**Development**

Sir Issac Newton and Gottfried Leibniz, mathematicians and philosophers of the 17th century, both contributed to our modern understanding of calculus but, remarkably, did not collaborate on the development of the idea, as Newton lived in England and Leibniz in Germany. (For much of their lives, Newton, Leibniz, and the mathematics community feuded over who truly discovered calculus.)

The invention of calculus marked the culmination of centuries of mathematical studies dating as far back as the ancient Egyptians. A few prominent figures before Newton and Leibniz, including Newton’s own teacher Isaac Barrow, drew remarkably close to defining the methods of calculus, but did not quite reach the goal. Preceded by mathematical visionaries such as Rene Descartes and Blaise Pascal, Newton and Leibniz had the tools to initiate this new study, of which the derivative was the base.

Newton viewed calculus in terms of motion – appropriate, considering that he investigated the mathematics as part of his studies in physics. He began exploring what would become calculus during his years at Cambridge University, but engaged particularly with it when the college closed in the wake of the Great Plague of London (1665-1666). He partially published his findings in 1693, and in full in 1766 in his *Method of Fluxions* (written, in fact, in 1671), where “fluxions” was the term he used for “derivative.” As he considered calculus a representation of motion, in his research the derivative stood for the velocity of the dependent variable *x*.

By contrast, Leibniz considered calculus a representation of sums and differences. From 1661-1663 Leibniz studied philosophy and mathematics at the University of Leipzig, but his dedicated mathematics research did not begin until 1672 when, visiting Paris, he met Christiaan Huygens, a Dutch mathematician who exposed him to the work on summing series, areas under curves, infinitesimals, and other ideas. Beginning in 1673, Leibniz attempted to develop calculations and notation for his differential calculus. His *Nova Methodus pro Maximis et Minimis, itemque Tangenibus*, published in 1684, presented his mature findings.

Though they explored similar ideas, Newton’s and Leibniz’s methods and notations differed. It would take some time to describe the specific methods they applied, so we’ll suffice to say that both calculations involved infinitesimals, as discussed in Part 1, which mathematicians eventually developed into limits. As far as notation goes, students generally use Leibniz’s more often than Newton’s, both for its ease of reading and for its applicability to more advanced concepts of differentiation.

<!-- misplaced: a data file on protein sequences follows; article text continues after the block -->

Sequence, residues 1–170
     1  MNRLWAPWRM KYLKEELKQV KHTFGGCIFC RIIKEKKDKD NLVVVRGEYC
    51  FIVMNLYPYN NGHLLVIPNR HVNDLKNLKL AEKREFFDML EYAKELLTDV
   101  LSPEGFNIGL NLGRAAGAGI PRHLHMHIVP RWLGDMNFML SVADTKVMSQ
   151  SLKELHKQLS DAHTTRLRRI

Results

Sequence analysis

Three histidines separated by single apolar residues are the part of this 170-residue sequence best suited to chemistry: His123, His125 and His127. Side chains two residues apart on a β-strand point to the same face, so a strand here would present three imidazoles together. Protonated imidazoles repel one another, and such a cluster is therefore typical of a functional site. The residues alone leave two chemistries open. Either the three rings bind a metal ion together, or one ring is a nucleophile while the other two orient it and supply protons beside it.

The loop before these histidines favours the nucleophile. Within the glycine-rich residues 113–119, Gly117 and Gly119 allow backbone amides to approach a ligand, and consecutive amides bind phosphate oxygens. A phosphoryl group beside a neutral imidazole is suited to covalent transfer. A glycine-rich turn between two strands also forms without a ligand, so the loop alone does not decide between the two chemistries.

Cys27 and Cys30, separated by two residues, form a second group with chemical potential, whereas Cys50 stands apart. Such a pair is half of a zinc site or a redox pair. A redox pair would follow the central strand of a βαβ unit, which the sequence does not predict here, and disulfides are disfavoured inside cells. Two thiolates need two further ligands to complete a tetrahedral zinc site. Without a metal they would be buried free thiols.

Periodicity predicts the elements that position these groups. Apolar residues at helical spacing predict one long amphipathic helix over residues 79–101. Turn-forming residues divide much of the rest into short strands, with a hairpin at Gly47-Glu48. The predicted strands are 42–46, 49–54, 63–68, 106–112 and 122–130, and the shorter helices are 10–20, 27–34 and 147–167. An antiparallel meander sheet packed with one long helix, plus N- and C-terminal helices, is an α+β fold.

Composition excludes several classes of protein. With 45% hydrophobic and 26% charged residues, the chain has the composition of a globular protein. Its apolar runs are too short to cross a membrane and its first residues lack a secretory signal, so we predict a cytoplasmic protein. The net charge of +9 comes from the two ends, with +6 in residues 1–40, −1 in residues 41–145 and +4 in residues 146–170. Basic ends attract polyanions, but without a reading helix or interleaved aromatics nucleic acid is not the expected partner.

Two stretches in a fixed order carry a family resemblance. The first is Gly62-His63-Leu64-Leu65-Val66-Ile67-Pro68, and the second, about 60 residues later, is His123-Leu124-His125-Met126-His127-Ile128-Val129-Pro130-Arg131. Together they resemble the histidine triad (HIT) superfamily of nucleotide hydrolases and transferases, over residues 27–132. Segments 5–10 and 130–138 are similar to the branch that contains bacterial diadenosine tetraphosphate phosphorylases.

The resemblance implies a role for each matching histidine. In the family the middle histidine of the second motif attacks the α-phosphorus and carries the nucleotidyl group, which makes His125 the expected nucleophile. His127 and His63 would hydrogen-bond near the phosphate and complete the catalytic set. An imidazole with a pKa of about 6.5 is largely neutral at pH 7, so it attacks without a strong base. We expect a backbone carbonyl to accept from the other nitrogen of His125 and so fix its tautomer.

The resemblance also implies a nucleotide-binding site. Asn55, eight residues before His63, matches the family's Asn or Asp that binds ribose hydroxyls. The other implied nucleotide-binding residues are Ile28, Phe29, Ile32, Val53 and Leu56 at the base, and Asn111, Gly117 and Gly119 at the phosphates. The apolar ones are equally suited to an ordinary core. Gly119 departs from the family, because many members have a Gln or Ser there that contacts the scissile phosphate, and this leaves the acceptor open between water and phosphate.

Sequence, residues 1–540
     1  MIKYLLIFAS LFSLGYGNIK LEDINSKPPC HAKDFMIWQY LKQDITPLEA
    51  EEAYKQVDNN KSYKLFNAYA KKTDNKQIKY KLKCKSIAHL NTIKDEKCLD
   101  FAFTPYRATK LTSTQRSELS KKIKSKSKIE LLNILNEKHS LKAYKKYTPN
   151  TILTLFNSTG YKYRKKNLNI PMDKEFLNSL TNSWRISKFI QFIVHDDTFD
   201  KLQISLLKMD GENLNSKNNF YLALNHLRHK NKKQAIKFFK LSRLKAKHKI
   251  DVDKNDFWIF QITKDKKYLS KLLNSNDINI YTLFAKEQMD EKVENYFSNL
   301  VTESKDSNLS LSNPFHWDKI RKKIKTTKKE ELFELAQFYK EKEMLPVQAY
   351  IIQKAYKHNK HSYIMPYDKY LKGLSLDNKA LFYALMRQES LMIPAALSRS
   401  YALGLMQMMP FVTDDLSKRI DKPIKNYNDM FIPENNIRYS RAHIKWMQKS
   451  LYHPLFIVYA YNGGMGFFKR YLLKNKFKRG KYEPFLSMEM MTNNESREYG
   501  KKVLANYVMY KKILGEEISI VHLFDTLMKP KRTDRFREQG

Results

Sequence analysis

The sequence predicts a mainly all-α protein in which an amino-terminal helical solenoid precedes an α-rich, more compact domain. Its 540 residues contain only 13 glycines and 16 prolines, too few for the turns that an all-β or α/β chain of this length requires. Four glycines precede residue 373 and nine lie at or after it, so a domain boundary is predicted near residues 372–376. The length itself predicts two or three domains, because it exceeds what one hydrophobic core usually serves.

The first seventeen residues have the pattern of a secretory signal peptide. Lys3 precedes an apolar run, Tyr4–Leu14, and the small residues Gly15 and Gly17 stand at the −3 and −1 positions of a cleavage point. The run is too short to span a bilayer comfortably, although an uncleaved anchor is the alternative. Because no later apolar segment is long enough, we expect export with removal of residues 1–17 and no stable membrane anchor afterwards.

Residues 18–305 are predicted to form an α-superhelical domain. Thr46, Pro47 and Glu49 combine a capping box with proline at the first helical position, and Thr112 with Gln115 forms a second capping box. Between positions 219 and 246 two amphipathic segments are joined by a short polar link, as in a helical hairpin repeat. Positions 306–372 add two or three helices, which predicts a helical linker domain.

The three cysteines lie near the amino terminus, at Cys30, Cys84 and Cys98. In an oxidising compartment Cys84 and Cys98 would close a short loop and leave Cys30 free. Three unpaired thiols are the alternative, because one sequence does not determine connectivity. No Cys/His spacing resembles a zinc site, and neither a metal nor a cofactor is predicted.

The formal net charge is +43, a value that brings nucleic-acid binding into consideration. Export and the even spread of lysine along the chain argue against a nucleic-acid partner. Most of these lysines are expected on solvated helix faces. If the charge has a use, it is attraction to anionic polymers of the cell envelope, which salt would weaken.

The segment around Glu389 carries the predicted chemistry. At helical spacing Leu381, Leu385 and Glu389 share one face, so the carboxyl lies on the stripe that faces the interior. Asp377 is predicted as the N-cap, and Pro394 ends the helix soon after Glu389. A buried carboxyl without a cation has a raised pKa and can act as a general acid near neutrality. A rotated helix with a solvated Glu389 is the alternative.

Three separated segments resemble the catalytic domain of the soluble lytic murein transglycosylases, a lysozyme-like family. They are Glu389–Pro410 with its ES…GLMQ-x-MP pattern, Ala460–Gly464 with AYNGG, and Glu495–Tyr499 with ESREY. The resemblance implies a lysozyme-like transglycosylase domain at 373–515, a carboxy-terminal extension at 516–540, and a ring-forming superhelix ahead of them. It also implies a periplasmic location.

While Newton denoted the derivative of the function *f* as $ , Leibniz used dx and dy to represent infinitesimal increments of x and y, so that the derivative of f was dy/dx, read “the derivative of y with respect to x” or “the change in y over the change in x.” Joseph-Louis Lagrange, an Italian Enlightenment era thinker, developed another common notation where the derivative is f is written f'(x), which one reads as “f prime of x.”$

**Definition**

I mentioned in Part 1 that a study of calculus leans on a study of limits because we define the derivative and integral in terms of limits. Why is this?

A derivative is, in essence, the slope of a tangent line to a curve. In fact, Leibniz’s notation suggests just that, as the change in y over the change in x is the equation for the slope of a line. The find the slope of a curve, we could start by drawing a secant, a line that crosses two points on the curve, as shown below:

This is the graph of the function *y* = *f(x)*. Say we wanted to find the slope of the curve at *x* = -1.5, the point at the left green dot. The slope found by dividing the change in y by the change of x of the two green points on the blue secant line would give us an approximation of the desired slope, but to find a more exact slope we would need to have less change in our *x* values*, *i.e., we don’t want the second green dot as far away. Moving that second dot closer to the point of interest (*x =* -1.5) would decrease the change in *x*, notated *dx* or **Δ***x *[delta x]. At the point where **Δ***x* equals 0, we have drawn a tangent on the curve at the point *x* = -1.5.

However, simply plugging 0 in for **Δ***x* in the slope equation **Δ***y*/**Δ***x *would give us an undefined value. Thus, to calculate the tangent of the line in this fashion, we want to find the value the slope takes as **Δ***x* approaches 0, but does not reach it. Thus arises the limit definition of the derivative:

This works given that *y* = *f(x)*, so *f(x+ Δx) – *

*f(x)*is , which is also the

**Δ**

*y.*Basically, the derivative is

**Δ***y*/

**Δ**

*x*of some point on a curve, calculated practically at the point itself.

Other posts in “History of Calculus”